Harmonic Motion Part 3 (no calculus) Figuring out the period, frequency, and amplitude of the harmonic motion of a mass attached to a spring.
Harmonic Motion Part 3 (no calculus)
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- Welcome back.
- And if you were covering your eyes because you didn't want
- to see calculus, I think you can open your eyes again.
- There shouldn't be any significant displays of
- calculus in this video.
- But just to review what we went over, we just said, OK if
- we have a spring-- and I drew it vertically this time-- but
- pretend like there's no gravity, or maybe pretend like
- we're viewing-- we're looking at the top of a table, because
- we don't want to look at the effect of
- a spring and gravity.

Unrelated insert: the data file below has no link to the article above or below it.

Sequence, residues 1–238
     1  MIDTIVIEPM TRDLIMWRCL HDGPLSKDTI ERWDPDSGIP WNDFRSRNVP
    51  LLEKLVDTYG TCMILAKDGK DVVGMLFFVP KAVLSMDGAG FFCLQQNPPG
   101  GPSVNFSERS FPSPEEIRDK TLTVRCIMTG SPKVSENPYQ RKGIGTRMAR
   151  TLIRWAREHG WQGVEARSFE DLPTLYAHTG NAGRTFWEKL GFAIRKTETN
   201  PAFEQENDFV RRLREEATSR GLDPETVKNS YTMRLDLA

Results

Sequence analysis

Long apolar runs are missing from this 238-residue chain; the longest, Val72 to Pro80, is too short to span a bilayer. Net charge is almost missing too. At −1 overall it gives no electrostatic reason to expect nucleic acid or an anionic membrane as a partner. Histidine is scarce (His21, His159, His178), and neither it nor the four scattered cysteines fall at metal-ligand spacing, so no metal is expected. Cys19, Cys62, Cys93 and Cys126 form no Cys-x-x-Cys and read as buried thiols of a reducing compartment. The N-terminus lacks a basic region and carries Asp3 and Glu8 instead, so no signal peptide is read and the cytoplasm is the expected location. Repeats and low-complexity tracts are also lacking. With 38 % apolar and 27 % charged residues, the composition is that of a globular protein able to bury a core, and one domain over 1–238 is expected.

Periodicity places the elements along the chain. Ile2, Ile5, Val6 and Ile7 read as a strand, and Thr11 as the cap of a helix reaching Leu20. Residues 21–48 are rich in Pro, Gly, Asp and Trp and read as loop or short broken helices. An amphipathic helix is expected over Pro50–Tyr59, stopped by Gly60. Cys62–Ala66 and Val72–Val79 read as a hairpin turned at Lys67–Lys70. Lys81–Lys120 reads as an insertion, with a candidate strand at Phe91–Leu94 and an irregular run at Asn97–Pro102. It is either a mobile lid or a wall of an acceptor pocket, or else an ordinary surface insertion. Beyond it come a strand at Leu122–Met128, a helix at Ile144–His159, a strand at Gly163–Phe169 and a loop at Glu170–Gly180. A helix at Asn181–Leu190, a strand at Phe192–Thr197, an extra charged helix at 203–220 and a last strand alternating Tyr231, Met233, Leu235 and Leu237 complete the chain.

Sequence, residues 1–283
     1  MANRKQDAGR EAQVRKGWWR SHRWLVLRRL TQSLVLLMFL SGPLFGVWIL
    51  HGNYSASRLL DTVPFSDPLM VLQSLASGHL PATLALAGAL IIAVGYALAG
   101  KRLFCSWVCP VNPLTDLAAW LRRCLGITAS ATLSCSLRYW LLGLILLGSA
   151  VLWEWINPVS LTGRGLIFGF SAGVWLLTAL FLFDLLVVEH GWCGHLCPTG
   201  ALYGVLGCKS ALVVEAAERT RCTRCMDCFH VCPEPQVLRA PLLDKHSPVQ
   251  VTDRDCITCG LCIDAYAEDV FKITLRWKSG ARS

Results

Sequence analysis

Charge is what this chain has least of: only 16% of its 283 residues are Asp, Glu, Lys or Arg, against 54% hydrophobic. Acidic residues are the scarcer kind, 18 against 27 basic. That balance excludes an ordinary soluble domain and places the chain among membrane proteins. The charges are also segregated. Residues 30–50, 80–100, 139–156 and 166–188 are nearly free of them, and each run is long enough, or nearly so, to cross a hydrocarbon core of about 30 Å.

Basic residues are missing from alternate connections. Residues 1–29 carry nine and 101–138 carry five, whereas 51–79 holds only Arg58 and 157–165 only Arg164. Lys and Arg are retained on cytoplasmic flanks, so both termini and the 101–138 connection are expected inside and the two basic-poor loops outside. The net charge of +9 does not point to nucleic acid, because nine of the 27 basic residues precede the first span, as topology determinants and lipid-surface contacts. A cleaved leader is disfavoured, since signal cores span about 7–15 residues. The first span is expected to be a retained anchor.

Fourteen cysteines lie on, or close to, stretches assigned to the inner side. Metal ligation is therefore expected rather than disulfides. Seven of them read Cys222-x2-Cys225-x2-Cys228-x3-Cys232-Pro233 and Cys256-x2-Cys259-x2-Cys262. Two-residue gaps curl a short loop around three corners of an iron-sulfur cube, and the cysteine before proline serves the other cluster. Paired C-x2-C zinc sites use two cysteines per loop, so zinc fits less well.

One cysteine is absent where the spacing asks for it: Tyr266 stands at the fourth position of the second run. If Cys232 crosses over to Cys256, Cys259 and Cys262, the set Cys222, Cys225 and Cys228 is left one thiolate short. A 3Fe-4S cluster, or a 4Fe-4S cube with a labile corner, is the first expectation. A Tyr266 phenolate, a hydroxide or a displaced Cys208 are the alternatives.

- We just want to look at a spring by itself.
- So this could be in deep space, or something else.
- But we're not thinking about gravity.
- But I drew it vertically just so that we can get more
- intuition for this curve.
- Well, we started off saying is if I have a spring and 0-- x
- equals 0 is kind of the natural resting point of the
- spring, if I just let this mass-- if I didn't pull on the
- spring at all.
- But I have a mass attached to the spring, and if I were to
- stretch the spring to point A, we said, well what happens?
- Well, it starts with very little velocity, but there's a
- restorative force, that's going to be pulling it back
- towards this position.
- So that force will accelerate the mass, accelerate the mass,
- accelerate the mass, until it gets right here.
- And then it'll have a lot of velocity here, but then it'll
- start decelerating.
- And then it'll decelerate, decelerate, decelerate.
- Its velocity will stop, and it'll come back up.
- And if we drew this as a function of time,
- this is what happens.
- It starts moving very slowly, accelerates.
- At this point, at x equals 0, it has its maximum speed.
- So the rate of change of velocity-- or the rate of